Not great! He has the veneer of a nice guy because he dresses with intention and seems thoughtful. He improves with every relationship Insecure finds him in — things with Condola were markedly better than things with Issa, albeit with much lower stakes — but still he doesn’t actually listen to women or consider their needs. He is a frustrated, jealous friend even when he’s successful. All he did was get a job and a nicer clothes. Tasha was right about him in season two: “You a fuck nigga who thinks he’s a good dude.”
Jidenna — his character has a name, but truly, why does it matter here? — dated Molly for a few episodes in season one. Compared to the revolving door of hoteps and fuck buddies she’d been out with, Jidenna seemed like a breath of fresh air. Their romance fizzles when she brings him to a co-worker’s engagement party and he introduces himself as her boyfriend. This was a bad, misleading thing to do, but Jidenna’s heart was (sort of) in the right place: Molly was jumping to way too many conclusions before she even slept next to this man with a scarf on, after only a few dates! “I thought you needed a win,” he told her. “We barely even know each other, and you’re talking about me leaving clothes at your spot, making plans six months in advance.” The message was delivered loud and clear and very clumsily, but Jidenna was being more honest with Molly than a lot of men on this list.
20. Mr. Robinson
All Issa’s tenant does is not curb his dog and then lie about having one. I appreciate the flex, but this is bad behavior!
Of all of Insecure’s men, Nathan is probably not there when you call, and he definitely won’t even be on time. But he’s the only ex-bae in Issa’s life who is at least trying to be better. Nathan started out promising enough when he stepped into her Party Lyft and defended Issa’s honor — or her car’s no-smoking policy — when an unruly passenger tried to light up. After a few dates and a very Before trilogy walk around Leimert Park, he ghosted her. Bad!
18. Neighbor Bae
When Issa needed to get laid without a lot of effort, Neighbor Bae was conveniently just downstairs. (He was also, she later learned, stealing her Wi-Fi.) He wasn’t exactly straight up with her about the fact that he was sleeping with other people — once she came over and he was entertaining another woman — but they’d never explicitly defined the terms of their friendship.
Molly’s co-worker at her second law firm always finds a way to have a funky attitude about something.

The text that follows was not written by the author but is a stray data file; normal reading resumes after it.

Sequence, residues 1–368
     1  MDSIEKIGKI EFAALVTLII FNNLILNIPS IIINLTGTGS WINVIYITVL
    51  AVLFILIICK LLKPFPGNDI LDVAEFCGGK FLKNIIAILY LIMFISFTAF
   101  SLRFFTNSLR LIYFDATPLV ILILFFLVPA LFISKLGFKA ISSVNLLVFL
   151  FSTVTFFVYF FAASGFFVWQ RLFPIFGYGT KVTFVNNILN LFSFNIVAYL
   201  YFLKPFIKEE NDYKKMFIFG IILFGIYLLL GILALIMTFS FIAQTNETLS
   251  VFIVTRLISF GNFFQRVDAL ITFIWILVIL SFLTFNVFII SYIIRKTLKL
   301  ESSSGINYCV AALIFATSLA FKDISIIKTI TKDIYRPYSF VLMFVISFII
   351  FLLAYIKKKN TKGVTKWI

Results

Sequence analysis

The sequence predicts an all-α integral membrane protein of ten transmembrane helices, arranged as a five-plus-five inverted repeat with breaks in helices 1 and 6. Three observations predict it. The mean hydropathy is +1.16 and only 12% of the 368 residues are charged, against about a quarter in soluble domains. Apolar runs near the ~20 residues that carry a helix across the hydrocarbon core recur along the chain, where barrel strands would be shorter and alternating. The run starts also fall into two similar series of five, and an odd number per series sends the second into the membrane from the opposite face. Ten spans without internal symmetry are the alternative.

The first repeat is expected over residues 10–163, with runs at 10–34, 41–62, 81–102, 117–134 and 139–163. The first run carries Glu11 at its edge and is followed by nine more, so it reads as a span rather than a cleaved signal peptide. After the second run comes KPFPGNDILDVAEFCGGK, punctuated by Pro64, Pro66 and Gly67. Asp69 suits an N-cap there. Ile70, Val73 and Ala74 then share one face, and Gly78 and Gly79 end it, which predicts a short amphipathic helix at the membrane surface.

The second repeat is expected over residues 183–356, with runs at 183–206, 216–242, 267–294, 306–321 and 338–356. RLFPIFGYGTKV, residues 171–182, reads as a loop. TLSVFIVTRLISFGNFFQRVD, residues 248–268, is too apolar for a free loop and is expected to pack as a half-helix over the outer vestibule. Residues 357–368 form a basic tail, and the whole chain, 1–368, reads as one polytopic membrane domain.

Chad believes in a law of averages, where all the women who were selective in their 20s lower their standards by their 30s, an economy that benefits his clownery. He’s a “Where my hug at?” type, more than happy to flirt with every woman within a five-mile radius. (Even with Lawrence sleeping on his couch, Chad batted his eyelashes at Issa!) And yet! Chad is pure chaotic neutral. He will tolerate his friends’ messiness only to a point. He’s the friend that will laugh alongside you when you’re making the biggest mistakes of your life, but if you ask him for real talk, he’ll give you tough love. Chad is good, but not perfect. Chad is messy, but not toxic. Half the things he says are idiotic (women, he says, don’t need male friends because “that’s extra dick around for no reason”), and half the things he says are profound (“Whatever happened to Bradley Cooper?”). That’s why he’s here, near the very middle.
15 and 14. Molly’s brothers
Neither of Molly’s brothers — Jerome and Curtis — have anything major going for them. They’re not as ambitious as she is, but they do seem much happier. Good for them!
13. Molly’s dad
Yes, he cheated on Molly’s mom 20 years ago. But thank God for growth! He has been a loving and supportive husband and father ever since.
12. That guy Kelli dated who fingered her under the table at that restaurant
[Redacted because my parents read this website.]
The local L.A. rapper only has a short arc when Daniel wants to produce for him, but he does appreciate that Viola Davis is hot and that This Is Us is not very good. My standards are low, but this is acceptable.
10. Vince Staples